Prime Minister Binyamin Netanyahu will recommend that the government adopt parts of the Levy Report dealing with Israeli settlements in the West Bank. The report, which was presented to Netanyahu last summer, was prepared by a committee headed by former High Court Justice Edmund Levy. The report determines that Israel is not an occupying power in the Gaza Strip and the West Bank, that the Geneva Conventions don’t apply to the Israeli presence there and that Israeli settlements in the West Bank are legitimate.
The report is divided in two sections. The first one deals with the legal aspects of the Israeli presence in the West Bank and Gaza. The second section provides operative guidelines for the building of settlements, legalizing settler outpost and purchasing of land by settlers.
The Israeli newspaper Haaretz claims that a high ranking government officer confirmed that the prime minister will call the government to adopt the “functional parts of the Levy Report.” Those parts deal with the construction of new settlements in the West Bank, ways to “legalize” existing settlement outposts and the procedures to purchase land by settlers.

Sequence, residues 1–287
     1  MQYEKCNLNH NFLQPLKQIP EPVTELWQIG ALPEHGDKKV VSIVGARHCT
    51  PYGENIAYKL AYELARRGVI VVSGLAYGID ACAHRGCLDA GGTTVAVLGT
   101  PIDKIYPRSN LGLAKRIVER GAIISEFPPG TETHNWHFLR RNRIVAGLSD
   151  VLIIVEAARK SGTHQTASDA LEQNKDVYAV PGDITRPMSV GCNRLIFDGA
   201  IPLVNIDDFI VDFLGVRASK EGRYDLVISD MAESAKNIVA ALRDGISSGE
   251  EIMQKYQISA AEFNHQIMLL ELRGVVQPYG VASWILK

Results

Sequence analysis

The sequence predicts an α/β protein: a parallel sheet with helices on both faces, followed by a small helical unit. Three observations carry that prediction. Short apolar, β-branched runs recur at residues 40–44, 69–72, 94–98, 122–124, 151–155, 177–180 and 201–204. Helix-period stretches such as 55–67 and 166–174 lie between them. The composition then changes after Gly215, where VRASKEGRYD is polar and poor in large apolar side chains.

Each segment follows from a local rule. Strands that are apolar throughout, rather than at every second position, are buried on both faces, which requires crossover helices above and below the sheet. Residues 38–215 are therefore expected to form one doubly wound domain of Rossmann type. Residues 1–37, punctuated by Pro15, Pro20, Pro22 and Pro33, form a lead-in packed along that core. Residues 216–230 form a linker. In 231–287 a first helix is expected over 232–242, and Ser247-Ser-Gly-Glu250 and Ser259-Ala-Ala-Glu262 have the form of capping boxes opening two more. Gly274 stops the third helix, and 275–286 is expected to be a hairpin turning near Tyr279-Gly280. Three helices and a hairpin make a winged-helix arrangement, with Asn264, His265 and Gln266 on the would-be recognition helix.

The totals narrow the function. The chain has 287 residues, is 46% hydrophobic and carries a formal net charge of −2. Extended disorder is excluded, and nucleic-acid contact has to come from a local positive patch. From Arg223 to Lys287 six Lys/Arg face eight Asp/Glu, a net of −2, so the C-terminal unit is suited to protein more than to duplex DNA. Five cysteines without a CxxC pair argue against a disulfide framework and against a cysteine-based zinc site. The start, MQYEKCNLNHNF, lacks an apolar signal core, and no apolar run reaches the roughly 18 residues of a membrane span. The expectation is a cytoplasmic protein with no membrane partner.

Haaretz claims that according to the government officer, the government will not discuss the political parts of the report regarding the status of Israel in the West Bank and Gaza Strip.
The consensus among Israeli analysts is that Netanyahu, who shelved the report in July when it was presented, is now ready to adopt part of it due to the Israeli elections slated for January 2013. Netanyahu’s change of policy also reflects the increasing pressure from Likud ministers and Knesset members, as well as right wing parties in the coalition and the opposition as well.
Tzvi Ben Gedalyahu of Arutz 7, a right wing news outlet, claims in an article that “it is probable that the government will make more promises than concrete changes in policies before the elections.”
Likud MKs Tzipi Hotovely, Gideon Sa’ar and Yuli Edelstein, among others, have told Netanyahu that the Levy Report should be approved.Likud MK Yisrael Katz said in an interview with “Voice of Israel” that he is not concerned with the “expected international opposition to strengthening the status of Jewish communities in Judea and Samaria.”
Katz added that “adopting the report’s recommendations to stop discrimination against Jews will deliver a clear message to residents of Judea and Samaria they can live normal lives like everyone else in the country.”
It is expected that the proposal to adopt the report will be presented in one of the upcoming government cabinet meetings.